[!NOTE] If you are using BYOL image (i.e. vmseries-flex-byol-*), the license can be applied during or after deployment. To license during deployment, add your VM-Series Authcodes to bootstrap_files/authcodes. See VM-Series Bootstrap Methods for more information.

  1. Save your terraform.tfvars file.

(Optional) Bootstrap to Panorama

In production environments, it is highly recommended to use Panorama to manage the VM-Series. Panorama enables you to scale the VM-Series for performance while managing the them as a single entity.

For more information, see the Panorama Staging community guide.

Modify Terraform to Bootstrap to Panorama

  1. In your terraform.tfvars set values for your Panorama IP, device group, template stack, and VM Auth Key.

  2. Save your terraform.tfvars.

[!NOTE] In this Terraform plan, setting a value for panorama_ip removes the GCS Storage Bucket from the VM-Series metadata configuration.


When no further changes are necessary in the configuration, deploy the resources:

  1. Initialize and apply the Terraform plan.

    terraform init
    terraform apply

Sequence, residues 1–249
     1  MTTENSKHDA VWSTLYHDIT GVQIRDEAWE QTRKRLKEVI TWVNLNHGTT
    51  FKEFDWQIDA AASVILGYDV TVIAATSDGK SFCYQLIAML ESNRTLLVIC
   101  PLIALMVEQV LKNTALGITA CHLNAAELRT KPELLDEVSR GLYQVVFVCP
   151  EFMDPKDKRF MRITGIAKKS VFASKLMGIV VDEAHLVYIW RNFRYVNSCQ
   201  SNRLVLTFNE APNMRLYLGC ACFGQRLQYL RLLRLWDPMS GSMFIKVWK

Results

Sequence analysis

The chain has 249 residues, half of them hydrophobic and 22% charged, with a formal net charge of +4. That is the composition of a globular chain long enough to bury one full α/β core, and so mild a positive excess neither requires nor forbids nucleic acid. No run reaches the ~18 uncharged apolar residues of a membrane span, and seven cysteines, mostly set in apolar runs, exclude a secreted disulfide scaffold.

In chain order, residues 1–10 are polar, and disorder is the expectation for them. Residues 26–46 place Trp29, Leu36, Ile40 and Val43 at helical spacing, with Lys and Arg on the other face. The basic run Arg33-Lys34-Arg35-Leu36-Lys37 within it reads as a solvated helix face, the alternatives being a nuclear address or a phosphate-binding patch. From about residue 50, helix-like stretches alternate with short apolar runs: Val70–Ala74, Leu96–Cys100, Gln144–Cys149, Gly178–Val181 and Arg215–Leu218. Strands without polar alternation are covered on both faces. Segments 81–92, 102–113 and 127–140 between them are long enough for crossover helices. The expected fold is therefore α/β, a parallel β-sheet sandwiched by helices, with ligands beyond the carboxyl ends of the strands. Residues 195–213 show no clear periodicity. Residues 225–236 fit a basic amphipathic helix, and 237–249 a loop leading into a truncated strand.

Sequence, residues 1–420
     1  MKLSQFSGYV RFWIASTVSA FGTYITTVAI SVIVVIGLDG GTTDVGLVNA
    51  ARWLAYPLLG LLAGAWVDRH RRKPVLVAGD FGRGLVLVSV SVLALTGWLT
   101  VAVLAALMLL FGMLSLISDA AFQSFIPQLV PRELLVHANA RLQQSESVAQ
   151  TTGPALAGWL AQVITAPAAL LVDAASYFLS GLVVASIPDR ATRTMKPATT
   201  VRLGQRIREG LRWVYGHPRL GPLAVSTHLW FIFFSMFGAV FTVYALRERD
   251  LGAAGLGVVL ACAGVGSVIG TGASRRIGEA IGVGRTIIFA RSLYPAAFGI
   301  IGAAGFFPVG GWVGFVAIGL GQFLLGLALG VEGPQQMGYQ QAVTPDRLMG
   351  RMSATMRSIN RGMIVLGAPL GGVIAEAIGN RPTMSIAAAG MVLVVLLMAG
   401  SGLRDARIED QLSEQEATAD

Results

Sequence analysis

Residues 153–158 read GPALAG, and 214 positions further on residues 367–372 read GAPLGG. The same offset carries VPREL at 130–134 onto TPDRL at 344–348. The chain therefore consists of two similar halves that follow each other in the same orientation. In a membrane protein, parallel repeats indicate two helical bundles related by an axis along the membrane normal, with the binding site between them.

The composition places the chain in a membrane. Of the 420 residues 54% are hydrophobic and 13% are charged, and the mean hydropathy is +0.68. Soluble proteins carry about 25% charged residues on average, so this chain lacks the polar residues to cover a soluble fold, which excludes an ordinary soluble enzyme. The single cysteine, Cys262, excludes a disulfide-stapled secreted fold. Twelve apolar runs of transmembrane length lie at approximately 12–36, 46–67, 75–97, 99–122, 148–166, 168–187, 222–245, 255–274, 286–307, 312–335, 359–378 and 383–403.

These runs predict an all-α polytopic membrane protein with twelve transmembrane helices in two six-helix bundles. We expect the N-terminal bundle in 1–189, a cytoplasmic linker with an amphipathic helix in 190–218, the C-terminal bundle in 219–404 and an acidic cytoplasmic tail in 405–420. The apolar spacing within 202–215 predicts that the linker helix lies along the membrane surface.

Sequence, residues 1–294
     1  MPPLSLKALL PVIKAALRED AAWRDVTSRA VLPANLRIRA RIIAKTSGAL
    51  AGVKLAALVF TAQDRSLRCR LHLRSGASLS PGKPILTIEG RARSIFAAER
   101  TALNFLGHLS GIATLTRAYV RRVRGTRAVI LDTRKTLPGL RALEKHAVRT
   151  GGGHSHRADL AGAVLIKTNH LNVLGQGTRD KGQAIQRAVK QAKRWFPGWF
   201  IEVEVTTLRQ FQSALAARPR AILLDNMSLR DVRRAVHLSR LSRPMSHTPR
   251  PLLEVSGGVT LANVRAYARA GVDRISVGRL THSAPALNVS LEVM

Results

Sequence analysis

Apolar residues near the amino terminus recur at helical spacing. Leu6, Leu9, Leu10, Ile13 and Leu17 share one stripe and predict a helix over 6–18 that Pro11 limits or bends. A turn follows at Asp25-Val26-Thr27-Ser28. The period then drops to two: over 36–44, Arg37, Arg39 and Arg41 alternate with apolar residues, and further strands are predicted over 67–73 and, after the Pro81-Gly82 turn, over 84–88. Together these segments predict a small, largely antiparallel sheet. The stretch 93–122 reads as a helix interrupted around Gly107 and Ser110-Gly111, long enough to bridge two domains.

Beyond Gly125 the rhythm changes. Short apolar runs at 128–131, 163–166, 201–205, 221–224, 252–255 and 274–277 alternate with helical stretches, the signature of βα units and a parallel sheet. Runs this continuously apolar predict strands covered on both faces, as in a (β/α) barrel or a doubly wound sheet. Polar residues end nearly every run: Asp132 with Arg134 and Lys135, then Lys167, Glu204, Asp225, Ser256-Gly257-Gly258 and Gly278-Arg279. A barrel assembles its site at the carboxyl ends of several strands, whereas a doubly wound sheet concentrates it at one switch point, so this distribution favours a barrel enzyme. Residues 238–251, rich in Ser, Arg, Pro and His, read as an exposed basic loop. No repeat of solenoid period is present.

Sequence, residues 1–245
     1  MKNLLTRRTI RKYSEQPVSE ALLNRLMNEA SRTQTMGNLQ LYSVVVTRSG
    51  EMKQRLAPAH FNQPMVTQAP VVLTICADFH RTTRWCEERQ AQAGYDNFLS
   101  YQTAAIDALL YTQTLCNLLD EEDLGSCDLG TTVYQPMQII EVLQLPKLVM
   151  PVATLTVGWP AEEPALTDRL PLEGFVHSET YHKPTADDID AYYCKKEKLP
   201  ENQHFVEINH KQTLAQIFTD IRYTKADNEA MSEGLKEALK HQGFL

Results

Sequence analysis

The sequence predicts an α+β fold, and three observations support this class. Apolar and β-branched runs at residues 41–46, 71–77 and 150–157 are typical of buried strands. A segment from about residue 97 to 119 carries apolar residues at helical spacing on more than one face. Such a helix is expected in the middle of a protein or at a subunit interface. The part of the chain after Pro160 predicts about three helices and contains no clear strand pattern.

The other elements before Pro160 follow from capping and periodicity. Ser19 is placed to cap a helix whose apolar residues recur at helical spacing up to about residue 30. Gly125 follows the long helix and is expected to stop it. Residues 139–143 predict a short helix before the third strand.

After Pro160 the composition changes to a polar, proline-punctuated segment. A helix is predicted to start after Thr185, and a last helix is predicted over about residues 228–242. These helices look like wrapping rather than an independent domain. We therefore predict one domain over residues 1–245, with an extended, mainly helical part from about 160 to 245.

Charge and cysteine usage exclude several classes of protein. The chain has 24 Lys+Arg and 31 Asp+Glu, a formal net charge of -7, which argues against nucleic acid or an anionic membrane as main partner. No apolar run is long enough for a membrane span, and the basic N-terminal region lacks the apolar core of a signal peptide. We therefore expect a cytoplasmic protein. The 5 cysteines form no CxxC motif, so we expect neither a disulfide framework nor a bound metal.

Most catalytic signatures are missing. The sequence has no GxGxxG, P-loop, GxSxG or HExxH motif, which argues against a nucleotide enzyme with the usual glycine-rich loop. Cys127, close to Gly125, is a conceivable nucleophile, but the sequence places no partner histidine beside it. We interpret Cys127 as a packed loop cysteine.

2. After all the resources are created, Terraform displays the following message:

    Apply complete!

[!NOTE] The EXTERNAL_LB_IP output displays the IP address of the external load balancer’s forwarding rule.

Access the VM-Series firewall

To access the VM-Series user interface, a password must be set for the admin user.

  1. Retrieve the EXTERNAL_IP attached to the VM-Series MGT interface (NIC1).

    gcloud compute instances list \
        --filter='tags.items=(vmseries-tutorial)' \
  2. SSH to the VM-Series using the EXTERNAL_IP with your private SSH key.

    ssh admin@<EXTERNAL_IP> -i ~/.ssh/vmseries-tutorial
  3. On the VM-Series, set a password for the admin username.

    set mgt-config users admin password
  4. Commit the changes.

  5. Enter exit twice to terminate the session.

  6. Access the VM-Series web interface using a web browser. Login with the admin user and password.


Internet inbound traffic

Internet traffic is distributed by the external load balancer to the VM-Series untrust interfaces. The VM-Series inspects and translates the traffic to spoke1-vm1 in the spoke 1 network.

[!IMPORTANT] The spoke VMs in this tutorial are configured with Jenkins and a generic web service.

  1. Open a HTTP connection to the web service on spoke1-vm1 by copying the EXTERNAL_LB_IP output value into a web browser.

  1. Open a session to the Jenkins service on spoke1-vm1 by appending port 8080 to the URL.


[!TIP] Your request to Jenkins should fail. This is because its App-ID™ has not been enabled on the VM-Series, yet.

Safely enabling applications with App-ID™

Palo Alto Networks App-ID™ enables you to see applications on your network and learn their behavioral characteristics with their relative risk. You can use App-ID™ to enable Jenkins traffic through the VM-Series security policies.